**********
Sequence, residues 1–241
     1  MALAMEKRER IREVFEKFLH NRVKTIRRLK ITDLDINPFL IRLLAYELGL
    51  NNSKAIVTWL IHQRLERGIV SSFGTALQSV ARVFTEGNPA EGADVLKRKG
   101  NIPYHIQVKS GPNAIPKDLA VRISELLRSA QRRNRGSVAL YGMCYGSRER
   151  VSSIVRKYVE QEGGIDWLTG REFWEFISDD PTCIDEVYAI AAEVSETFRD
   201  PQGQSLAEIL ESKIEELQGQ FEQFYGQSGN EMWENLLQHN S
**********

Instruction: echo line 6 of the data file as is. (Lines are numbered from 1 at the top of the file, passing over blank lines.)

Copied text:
   201  PQGQSLAEIL ESKIEELQGQ FEQFYGQSGN EMWENLLQHN S